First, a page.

It sounds like the state of any locks in the process are copied into the child process when the current thread forks (which seems like a design error and certain to deadlock).
It is not a design error, rather,
fork() predates single-process multithreading. The state of all locks is copied into the child process because they're just objects in memory; the entire address-space of the process is copied as is in fork. There are only bad alternatives: either copy all threads over fork, or deny forking in multithreaded application.
fork()ing in a multithreading program was never the safe thing to do, unless then followed by
exit() in the child process.
Does replacing threading.Lock with multiprocessing.Lock everywhere avoid this issue and allow us to safely combine threads and forks?
No. Nothing makes it safe to combine threads and forks, it cannot be done.
The problem is that when you have multiple threads in a process, after
fork() system call you cannot continue safely running the program in POSIX systems.
For example, Linux manuals
- After a
fork(2) in a multithreaded program, the child can safely call
only async-signal-safe functions (see
signal(7)) until such time as it
I.e. it is OK to
fork() in a multithreaded program and then only call async-signal-safe C functions (which is a rather limited subset of C functions), until the child process has been replaced with another executable!
Unsafe C function calls in child processes are then for example
malloc for dynamic memory allocation
<stdio.h> functions for formatted input
- most of the
pthread_* functions required for thread state handling, including creation of new threads...
Thus there is very little what the child process can actually safely do. Unfortunately CPython core developers have been downplaying the problems caused by this. Even now the documentation says:
Note that safely forking a multithreaded process is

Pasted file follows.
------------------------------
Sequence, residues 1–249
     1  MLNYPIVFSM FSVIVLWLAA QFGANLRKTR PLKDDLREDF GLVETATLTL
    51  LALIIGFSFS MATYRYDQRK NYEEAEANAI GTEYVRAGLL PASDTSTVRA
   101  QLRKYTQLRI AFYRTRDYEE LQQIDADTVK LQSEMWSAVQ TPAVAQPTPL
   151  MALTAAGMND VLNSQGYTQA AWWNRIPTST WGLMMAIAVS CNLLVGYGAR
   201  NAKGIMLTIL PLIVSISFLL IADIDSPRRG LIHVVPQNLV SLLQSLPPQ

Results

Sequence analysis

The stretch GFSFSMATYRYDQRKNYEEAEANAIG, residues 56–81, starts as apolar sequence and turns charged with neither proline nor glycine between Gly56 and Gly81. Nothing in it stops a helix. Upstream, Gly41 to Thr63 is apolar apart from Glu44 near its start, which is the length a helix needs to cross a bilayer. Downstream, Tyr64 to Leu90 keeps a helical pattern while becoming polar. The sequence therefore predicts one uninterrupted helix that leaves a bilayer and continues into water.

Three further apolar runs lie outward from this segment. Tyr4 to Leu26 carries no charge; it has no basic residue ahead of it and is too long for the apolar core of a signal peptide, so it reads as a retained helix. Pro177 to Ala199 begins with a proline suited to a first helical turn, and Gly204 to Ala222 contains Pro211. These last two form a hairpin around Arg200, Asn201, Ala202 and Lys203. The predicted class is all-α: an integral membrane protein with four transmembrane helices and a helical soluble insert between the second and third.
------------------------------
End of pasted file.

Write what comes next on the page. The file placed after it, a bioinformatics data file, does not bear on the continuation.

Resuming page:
Quite an euphemism for "impossible".
It is safe to use multiprocessing from a Python process that has multiple threads of control provided that you're not using the
fork start method; in Python 3.4+ it is now possible to change the start method. In previous Python versions including all of Python 2, the POSIX systems always behaved as if
fork was specified as the start method; this would result in undefined behaviour.
The problems are not limited to just
threading.Lock objects but all locks held by the C standard library, the C extensions etc. What is worse that most of the time people would say "it works for me"... until it stops from working.
There were even a cases where a seemingly single-threading Python program is actually multithreading in MacOS X, causing failures and deadlocks upon using multiprocessing.
Another problem is that all opened file handles, their use, shared sockets might behave oddly in programs that forks, but that would be the case even in single-threaded programs.
multiprocessing in multithreaded programs, with C extensions, with opened sockets etc:
- fine in 3.4+ & POSIX if you explicitly specify a starting method that is not
- fine in Windows because it doesn't support forking;
- in Python 2 - 3.3 on POSIX: you'll mostly shoot yourself in the foot.